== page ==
"Anna's opinion is important because I have asked her if she would consider giving me her affections when I have obtained this divorce. She has said yes and we intend to marry when all is settled."

With this news, Carson and Hughes appeared stunned and it took them a full minute to react to what had just been said.

Just in case he hadn't heard right, Carson reconfirmed what had just been said – "You're, going to get married?….. When you have the divorce? Is this what you just said?"

"Exactly", chimed in Anna as her grin widened, "I will marry him whenever it is finalized." Anna's eyes twinkled when she said this, capturing Mrs. Hughes attention.

No longer able to contain the emotions building up, Mrs. Hughes lashed out. "But… Anna! Do you understand what you are saying? Have you promised yourself to a married man? "

Anna looked Mrs. Hughes directly and intently when she gave her answer. She was not agitated by the force in the demanding voice and she wanted it to be known that she was strong and would not back away from Mr. Bates, regardless of reason or logic presented to her.

"I understand that John Bates is currently married and seeking a divorce. He has asked me if I would consider marrying him when this divorce is obtained. Yes, I would consider it. He will propose to me then. There has been no impropriety on his or my part. I have not promised myself to a married man. I have promised a married man that I will promise myself to him when he is not married. There is a big difference."

Bates also continued. "I have spoken to Lord Grantham about this and I assure you that he has also consented that I approach Anna with this question. I was very clear with Lord Grantham with the full extent of my plans and now your are aware too".

He turned to look at Anna confidently, and then faced Hughes and Carson again. "We do not seek to upset the balance of order downstairs. It is not our wish that this news be known among the rest of the household. Thus, I will not be courting Anna publicly, and you shall have no reason to be concerned about our actions. I do not seek to sully her reputation or the reputation of this house. It is with the most honorable of intentions that I stand before you today to discuss this. "

Mr. Bates thought that this declaration would surely appease them and provide the quick exit he had hoped for.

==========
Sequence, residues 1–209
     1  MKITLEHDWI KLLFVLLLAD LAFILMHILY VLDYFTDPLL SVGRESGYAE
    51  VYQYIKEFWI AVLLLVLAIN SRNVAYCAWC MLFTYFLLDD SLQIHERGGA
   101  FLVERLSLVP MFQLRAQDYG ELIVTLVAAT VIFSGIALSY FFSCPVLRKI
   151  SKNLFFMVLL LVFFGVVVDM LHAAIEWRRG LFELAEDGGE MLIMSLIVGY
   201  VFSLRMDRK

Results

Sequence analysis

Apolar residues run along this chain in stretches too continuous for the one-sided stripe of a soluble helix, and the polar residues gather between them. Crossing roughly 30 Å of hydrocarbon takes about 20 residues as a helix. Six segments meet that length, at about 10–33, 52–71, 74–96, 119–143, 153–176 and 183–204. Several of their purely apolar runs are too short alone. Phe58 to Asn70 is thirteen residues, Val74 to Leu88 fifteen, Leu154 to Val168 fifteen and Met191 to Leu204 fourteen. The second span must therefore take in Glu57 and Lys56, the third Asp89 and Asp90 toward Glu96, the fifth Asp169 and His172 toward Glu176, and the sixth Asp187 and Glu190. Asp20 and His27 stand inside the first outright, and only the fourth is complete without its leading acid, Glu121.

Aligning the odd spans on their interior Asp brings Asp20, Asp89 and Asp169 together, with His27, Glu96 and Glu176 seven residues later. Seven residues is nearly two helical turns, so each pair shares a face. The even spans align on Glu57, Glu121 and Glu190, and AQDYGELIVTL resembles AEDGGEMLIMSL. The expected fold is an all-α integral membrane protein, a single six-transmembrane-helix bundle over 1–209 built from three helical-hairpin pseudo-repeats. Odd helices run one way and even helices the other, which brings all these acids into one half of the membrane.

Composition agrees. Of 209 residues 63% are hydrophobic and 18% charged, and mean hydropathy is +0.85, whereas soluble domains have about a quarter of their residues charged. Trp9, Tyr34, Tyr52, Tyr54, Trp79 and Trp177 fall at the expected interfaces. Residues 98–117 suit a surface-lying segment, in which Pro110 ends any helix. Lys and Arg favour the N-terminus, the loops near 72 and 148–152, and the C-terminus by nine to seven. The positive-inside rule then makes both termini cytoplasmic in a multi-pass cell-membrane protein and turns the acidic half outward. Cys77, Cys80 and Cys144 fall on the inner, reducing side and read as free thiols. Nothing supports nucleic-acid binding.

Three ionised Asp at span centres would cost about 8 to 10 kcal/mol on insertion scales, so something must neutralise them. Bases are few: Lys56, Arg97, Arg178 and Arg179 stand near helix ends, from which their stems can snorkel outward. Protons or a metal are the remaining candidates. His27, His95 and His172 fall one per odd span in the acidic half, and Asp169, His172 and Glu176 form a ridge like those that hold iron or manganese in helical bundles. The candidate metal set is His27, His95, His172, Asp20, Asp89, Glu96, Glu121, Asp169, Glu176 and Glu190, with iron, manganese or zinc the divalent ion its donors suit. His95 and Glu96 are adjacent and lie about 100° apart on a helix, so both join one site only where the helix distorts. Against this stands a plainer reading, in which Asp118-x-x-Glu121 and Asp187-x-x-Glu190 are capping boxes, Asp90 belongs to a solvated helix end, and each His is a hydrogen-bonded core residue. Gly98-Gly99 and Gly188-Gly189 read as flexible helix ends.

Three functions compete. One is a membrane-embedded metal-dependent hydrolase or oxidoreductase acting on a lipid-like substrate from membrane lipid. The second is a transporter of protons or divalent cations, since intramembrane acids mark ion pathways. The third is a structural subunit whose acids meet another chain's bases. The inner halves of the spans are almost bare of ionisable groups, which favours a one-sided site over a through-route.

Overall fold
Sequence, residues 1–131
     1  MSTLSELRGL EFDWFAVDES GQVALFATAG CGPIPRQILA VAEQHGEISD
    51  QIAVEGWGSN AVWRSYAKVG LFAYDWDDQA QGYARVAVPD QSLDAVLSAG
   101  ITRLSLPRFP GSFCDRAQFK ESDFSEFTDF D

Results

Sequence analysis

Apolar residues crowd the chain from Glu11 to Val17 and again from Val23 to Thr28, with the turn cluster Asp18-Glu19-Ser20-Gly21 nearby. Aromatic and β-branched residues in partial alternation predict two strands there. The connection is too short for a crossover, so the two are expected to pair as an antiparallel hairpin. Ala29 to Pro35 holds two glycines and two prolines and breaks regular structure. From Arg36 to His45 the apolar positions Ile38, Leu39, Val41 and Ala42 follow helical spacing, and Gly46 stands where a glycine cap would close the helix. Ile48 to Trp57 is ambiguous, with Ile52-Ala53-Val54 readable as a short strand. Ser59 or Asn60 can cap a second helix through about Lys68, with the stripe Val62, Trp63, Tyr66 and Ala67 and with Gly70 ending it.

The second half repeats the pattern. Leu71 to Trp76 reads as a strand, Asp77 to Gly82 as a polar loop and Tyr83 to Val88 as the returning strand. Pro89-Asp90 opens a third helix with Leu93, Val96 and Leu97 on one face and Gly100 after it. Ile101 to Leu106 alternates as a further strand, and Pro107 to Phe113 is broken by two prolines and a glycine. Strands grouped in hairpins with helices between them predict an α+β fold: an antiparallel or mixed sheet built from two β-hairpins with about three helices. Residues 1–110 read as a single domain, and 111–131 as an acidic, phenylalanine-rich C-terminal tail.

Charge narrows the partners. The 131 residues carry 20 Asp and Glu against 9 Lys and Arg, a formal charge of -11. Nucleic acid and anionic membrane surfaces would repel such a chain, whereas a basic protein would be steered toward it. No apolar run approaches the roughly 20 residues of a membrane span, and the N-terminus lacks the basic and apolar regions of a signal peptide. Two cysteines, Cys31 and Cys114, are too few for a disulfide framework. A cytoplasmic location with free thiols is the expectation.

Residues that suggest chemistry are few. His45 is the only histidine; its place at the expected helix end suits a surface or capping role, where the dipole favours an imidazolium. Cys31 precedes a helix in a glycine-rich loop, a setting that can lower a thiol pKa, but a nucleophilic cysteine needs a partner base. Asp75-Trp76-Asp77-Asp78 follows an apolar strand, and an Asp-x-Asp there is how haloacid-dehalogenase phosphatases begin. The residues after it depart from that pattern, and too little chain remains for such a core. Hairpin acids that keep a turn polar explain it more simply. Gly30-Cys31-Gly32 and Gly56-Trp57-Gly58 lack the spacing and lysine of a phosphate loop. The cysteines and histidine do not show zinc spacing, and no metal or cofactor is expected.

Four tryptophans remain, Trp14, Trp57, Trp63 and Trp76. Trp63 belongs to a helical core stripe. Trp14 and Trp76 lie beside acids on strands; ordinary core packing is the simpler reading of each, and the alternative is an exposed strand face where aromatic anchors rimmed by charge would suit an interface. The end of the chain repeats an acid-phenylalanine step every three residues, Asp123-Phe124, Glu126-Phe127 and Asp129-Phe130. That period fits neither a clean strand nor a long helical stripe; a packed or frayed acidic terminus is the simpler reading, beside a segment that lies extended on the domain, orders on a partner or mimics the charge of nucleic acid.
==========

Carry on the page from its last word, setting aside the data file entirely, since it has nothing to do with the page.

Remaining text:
Mrs. Hughes was happy to hear his concern for Anna's reputation, but she was still not satisfied. She continued, with sarcasm built into her voice. "You seem very confident that you will secure this divorce. If you are that sure, why couldn't you wait to talk to Anna until you had achieved it?"

Mr. Bates first thought was to say, "Because after four years, I could no longer go on with my life without telling her how much I love her and that I want to spend the rest of my life by her side", but knew that that would not be an appropriate answer. He found the most reasonable response that he could and declared:

"I felt I had to tell his Lordship my complete plan. I did not want there to be any misunderstandings about my divorce. Yes, I have reason to believe that Vera, my wife, will not challenge the process. I would not have spoken to Anna if I didn't think that the divorce could be achieved with minimal effort. I could have waited, but it would not have been fair to Anna for his Lordship to know of my full intent and she not know."

Mr. Carson was now looking at Mrs. Hughes sternly. IT did not make sense to be upset. If his Lordship had already approved, then there is nothing they could say to the contrary anyway. It was best to finish the topic and get on to other things... While neither Mr. Bates nor Anna had ever shown any impropriety in the past, no matter what anybody said, it was scandalous to have declared their intentions so early. He couldn't see the difference that Anna had stated. To him it was the same thing. They would have to let it be and hope that the couple managed the situation as they had stated.

He addressed the couple: "I appreciate that you have spoken of your intentions and that you have made this known to us. For the sake of the rest of the household staff, I too, agree that this information should not be made public. Under normal circumstances, we would be happy for you and celebrate, but, I fear that it is too early to mark the occasion. Keep us informed."

With that, Carson seemed to dismiss the issue.

Mrs. Hughes turned towards them. "Well now, it appears there is nothing more to say. Anna, please come with me."

With that, she glided towards the door and walked out. Anna quietly followed her and soon found herself alone with Mrs. Hughes in her sitting room.

Mrs. Hughes was torn. She had felt ambushed into this reality and had not been prepared mentally for what had just happened. One moment she felt elated that Anna's life seemed to take a definite direction towards happiness and the next moment the conversation dealt with issues that could be very damaging. She wasn't sure that she could protect her if others found the situation offensive. She did not want that for Anna. Sure, she had always seen Mr. Bates' devotion and could understand why he'd chosen to get a divorce. Anna was definitely worth having and fighting for. She was just upset that she could not have controlled this situation better or provided a more definite counsel when things might have been prevented. Now, she was left struggling and thinking if there was anything at all that could be done. It seemed that the matter was all too settled for her meddling to be of any use.